The Liberal Party of Canada came to power in October of 2015 with a very significant promise in their platform: to reform the notorious spying bill known as Bill C-51.
Presented as anti-terror legislation, Bill C-51 was introduced and rammed through by the previous Conservative government. It handed sweeping and dangerous new powers to Canada’s spy and security agencies.
These powers, which included allowing spy agencies to install spyware on your computer, allowing government institutions to share sensitive health and financial information about you with numerous federal agencies, and permitting spy agencies to disrupt communication platforms and take down websites, were roundly criticized by privacy experts and wildly unpopular amongst people in Canada.
So when the Liberals promised reform, the community watching was large, outspoken and ready to hold them to account.
The process of reform started with a Canada-wide consultation, and this was where the first warning signs that this so-called reform wouldn’t live up to what was promised appeared.
The in-person consultations were called “utterly demoralizing,” while the online consultations were critiqued by experts for biased and leading questions. Despite receiving over 68,000 comments, the government was reluctant to release the actual responses they received. And when they did, it was clear why: the report showed that a vast majority of people in Canada have significant concerns regarding privacy and government accountability with sensitive data, and wanted C-51 to be completely repealed.
The long-awaited reform bill, Bill C-59, was announced in June 2019.
And sadly, the fears that many had about the bill appeared to be realized: instead of fully repealing C-51 or making much-needed key reforms, C-59 just tinkered at the margins while introducing a host of new problems.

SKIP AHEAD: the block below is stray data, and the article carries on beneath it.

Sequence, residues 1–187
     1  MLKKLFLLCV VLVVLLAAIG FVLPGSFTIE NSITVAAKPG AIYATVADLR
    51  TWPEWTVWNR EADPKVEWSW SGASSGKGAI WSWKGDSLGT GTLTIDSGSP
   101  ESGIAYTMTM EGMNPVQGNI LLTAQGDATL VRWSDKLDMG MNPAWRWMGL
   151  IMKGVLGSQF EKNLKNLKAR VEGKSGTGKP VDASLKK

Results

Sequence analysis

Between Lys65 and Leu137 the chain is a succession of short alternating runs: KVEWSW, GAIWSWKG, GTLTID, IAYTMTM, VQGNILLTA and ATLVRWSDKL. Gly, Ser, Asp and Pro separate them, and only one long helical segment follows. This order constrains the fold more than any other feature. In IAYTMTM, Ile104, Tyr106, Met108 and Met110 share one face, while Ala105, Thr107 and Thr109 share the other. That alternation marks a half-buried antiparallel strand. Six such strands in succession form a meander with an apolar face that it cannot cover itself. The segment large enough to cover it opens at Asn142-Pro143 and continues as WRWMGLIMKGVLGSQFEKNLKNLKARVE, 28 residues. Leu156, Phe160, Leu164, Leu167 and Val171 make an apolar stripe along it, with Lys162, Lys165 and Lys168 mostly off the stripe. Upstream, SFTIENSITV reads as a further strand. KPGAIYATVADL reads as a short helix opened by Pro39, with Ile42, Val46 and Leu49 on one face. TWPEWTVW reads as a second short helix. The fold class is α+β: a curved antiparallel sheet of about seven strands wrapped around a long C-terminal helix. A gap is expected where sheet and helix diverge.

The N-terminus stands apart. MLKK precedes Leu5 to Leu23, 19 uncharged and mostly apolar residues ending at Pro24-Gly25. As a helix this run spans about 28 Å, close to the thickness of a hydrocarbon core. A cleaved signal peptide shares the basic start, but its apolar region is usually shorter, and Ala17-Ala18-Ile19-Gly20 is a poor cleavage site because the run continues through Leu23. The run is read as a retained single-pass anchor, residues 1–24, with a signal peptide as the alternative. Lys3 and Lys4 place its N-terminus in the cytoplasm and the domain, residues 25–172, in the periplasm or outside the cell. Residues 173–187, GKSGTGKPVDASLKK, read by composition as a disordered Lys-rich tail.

While some much-needed improvements were included, it failed to adequately address the information disclosure provisions and terrorist speech offences brought in by Bill C-51. It also brought in new data collection, cybersecurity and mass surveillance powers which further threaten our privacy and security.
Outraged by the broken promises and lack of promised action, thousands upon thousands of people in Canada contacted their MPs, signed petitions and supported calls to fix the bill as it progressed through Parliament and the Senate.
Despite that, all the Liberal motions were adopted, virtually all Opposition motions were defeated, very little of substance was changed in the bill, and virtually no human rights protections were added.
In June 2019, C-59 was passed and received royal assent — almost four years to the day after its predecessor.
The big question: what changes were actually made?
There were some significant and hard-won victories in Bill C-59, even though many didn’t go far enough. These include things like information-sharing provisions being narrowed (though they remain far too broad), the creation of the new National Security and Intelligence Review Agency, and a redress system for people mistakenly caught up in Canada’s no-fly list.
But unfortunately many key issues remained unresolved, and C-59 even added in frightening new anti-privacy measures. The most worrying of these include new mass surveillance powers for Communications Security Establishment (CSE), as well as new hacking powers and near-limitless powers to collect data on people in Canada.
It’s a saddening failure of the government that they stopped far short of their commitment to truly listen to people in Canada and stop the outrageous privacy violations that they promised to fix.
But it doesn’t stop here.
2019 is an election year, and a critical time when every party and politician looking to get elected cannot ignore the voices of their constituents. As the election draws near, it’s time to put a stake in the ground on the issues that matter most to you. If you’re concerned about mass surveillance in Canada and the government’s failure to protect its citizens’ rights — use your voice to make this an election issue.
Victoria Henry is a Campaigner at OpenMedia, a community-based organization that works to keep the internet open, affordable, and surveillance-free.